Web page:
The North Wall also attracts many of the Caribbean’s more impressive sea creatures. On any given day, expect to see Eagle Rays, sea turtles, Tarpon, schooling Permit, large groupers and even a shark or two (during late spring and early summer) cruising along the drop-offs or over the shallow stretches of the mid reefs. Eagle Ray Pass is a series of deep winding cuts and tunnels perforating the crest of the wall. The most notable, a large tunnel beginning at the base of a wide sandy V-shaped basin, drops down 45 degrees opening onto the wall at 120 feet. The spot earned its name from the numerous Eagle Rays sighted there. Sites similar to Eagle Ray Pass include West Gate, Main Street, Hammerhead Hill, Three Bs Wall and Dream Weaver.

Since many of the drops on the walls do not initiate their plunges until the 55 to 60 foot mark, they can be ideal for making a second dive along the wall’s crest. Cruising the edge of the wall in hopes something interesting might rise from the depths or just for the feeling of hanging over the edge of the blue is certainly a thrill. Such dives, however, are a little shorter than the shallow ones conducted on West End (typically 60 feet for 30 minutes, instead of 50 feet for 40 minutes).

Making excursions to many of the North Wall sites is Amazon’s sistership, African Grey, Parrots Landing’s second 45 foot Garcia. African Grey’s capacious size and weight make it one of the most stable vessels plying the waters of this region. It’s a good thing because diving the North Side can present a few challenges from time to time;this is Grand Cayman’s windward side.

In addition to African Grey’s North Wall morning itinerary, she also handles the afternoon Stingray City charters, along with Parrots’ 31 foot Island Hopper (16 divers maximum), Conure. If an afternoon snorkel is your preference, there is Parrots Landing’s 60 foot catamaran, Cockatoo. In addition to its sunset cruise, Cockatoo makes half day snorkel trips to North Sound’s coral gardens with a stop at Sandbar so guests can swim with the rays.

Diving Grand Cayman’s South Side is the Parrots Landing 34 foot Crusader, Macaw. Designed for smaller groups (15 divers maximum), the Macaw visits the side most other operations commonly reserve as an alternate when sea conditions become too unfavorable for diving the North or West Walls. Consequently, most of this remarkable, 20 mile stretch of ocean facing reef is ignored. In actuality, the South Side holds a tremendous amount of extraordinary spur and groove reef formations.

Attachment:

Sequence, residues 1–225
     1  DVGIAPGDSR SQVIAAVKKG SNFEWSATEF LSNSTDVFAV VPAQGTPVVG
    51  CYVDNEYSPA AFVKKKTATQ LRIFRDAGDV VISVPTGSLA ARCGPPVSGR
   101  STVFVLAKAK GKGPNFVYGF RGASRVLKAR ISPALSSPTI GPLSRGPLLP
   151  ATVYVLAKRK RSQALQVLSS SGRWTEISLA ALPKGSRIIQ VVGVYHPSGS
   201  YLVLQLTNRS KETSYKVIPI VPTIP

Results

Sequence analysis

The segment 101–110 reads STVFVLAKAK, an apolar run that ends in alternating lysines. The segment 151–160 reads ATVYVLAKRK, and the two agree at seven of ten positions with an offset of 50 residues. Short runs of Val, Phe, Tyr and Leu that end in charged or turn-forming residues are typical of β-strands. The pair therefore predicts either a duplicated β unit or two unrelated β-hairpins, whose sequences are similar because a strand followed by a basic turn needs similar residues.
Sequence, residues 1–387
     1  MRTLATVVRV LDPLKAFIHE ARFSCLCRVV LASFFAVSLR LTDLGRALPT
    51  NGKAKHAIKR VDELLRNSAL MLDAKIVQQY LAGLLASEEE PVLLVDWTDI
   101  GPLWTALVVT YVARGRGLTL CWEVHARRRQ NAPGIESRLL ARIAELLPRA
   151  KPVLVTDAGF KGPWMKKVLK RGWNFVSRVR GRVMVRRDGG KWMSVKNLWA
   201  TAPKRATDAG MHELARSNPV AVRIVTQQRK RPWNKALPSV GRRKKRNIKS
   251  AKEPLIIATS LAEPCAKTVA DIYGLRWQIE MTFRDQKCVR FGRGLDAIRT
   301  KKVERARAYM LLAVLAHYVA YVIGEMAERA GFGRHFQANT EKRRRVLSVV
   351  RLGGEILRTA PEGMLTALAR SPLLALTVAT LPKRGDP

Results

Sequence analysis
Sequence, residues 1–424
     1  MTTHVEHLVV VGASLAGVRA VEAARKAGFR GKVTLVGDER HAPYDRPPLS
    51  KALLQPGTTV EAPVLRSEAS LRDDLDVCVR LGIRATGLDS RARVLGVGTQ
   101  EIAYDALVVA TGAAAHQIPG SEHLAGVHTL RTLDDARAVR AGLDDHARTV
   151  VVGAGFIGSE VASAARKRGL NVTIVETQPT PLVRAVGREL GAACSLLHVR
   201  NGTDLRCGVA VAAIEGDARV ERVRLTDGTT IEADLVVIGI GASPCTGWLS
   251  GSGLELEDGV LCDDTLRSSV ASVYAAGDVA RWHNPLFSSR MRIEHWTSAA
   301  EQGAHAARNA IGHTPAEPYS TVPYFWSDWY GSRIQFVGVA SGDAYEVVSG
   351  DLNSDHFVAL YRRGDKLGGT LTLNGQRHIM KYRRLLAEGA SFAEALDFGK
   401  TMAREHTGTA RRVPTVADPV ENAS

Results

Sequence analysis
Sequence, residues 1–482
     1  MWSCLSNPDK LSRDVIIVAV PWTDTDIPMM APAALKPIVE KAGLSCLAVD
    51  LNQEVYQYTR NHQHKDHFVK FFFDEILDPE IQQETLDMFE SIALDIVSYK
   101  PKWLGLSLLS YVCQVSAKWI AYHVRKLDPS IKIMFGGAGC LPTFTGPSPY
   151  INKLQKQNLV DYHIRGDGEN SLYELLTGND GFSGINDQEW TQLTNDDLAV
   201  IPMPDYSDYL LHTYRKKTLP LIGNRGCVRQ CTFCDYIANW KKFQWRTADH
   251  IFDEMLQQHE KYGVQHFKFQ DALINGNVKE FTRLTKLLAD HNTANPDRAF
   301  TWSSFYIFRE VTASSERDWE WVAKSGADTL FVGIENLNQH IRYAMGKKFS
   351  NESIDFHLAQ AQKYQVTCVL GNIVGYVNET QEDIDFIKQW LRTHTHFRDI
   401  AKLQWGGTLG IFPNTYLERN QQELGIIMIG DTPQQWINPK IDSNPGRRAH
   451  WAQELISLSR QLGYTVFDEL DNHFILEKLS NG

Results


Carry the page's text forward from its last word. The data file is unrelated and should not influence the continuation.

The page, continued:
If you’re into huge chasms and swim-throughs, here are some of the best in the Cayman Islands. The chasms are actually the gaps in the classic spur and groove formations seen in most coastal fringing reefs. The valleys, however, are similar to canyons (starting at 15 to 30 feet) that bottom out at 45 to 50, even 60 feet in a few places. In several instances, the trenches running seaward through the reef are interconnected by short tunnels and swim-throughs, often becoming giant labyrinths capped by stands of Elkhorn Corals. Examples include Red Bay Caves, Japanese Gardens, Oriental Gardens, Tin City, Spotts Caves, Pedro’s Castle and Teachers Caverns, to name a few.

Starting slightly deeper than the North Wall (on average 60 to 70 feet), the sites on the South Side feature walls dominated by deep fissures and ravines bisecting their crests, instead of steep drop-offs. There are also large pinnacles dotting the edge of the wall. The first of the series is Palace Pinnacles, next to Hole in the Wall and Ron’s Wall, featuring three coral monoliths that rise from the ends of three large sand chutes. Covering their vertical structure is an array of sponges and deep water gorgonians. Farther east is a second, equally attractive grouping, called Little Pinnacles.

Private Charters and the Advanced Boat Program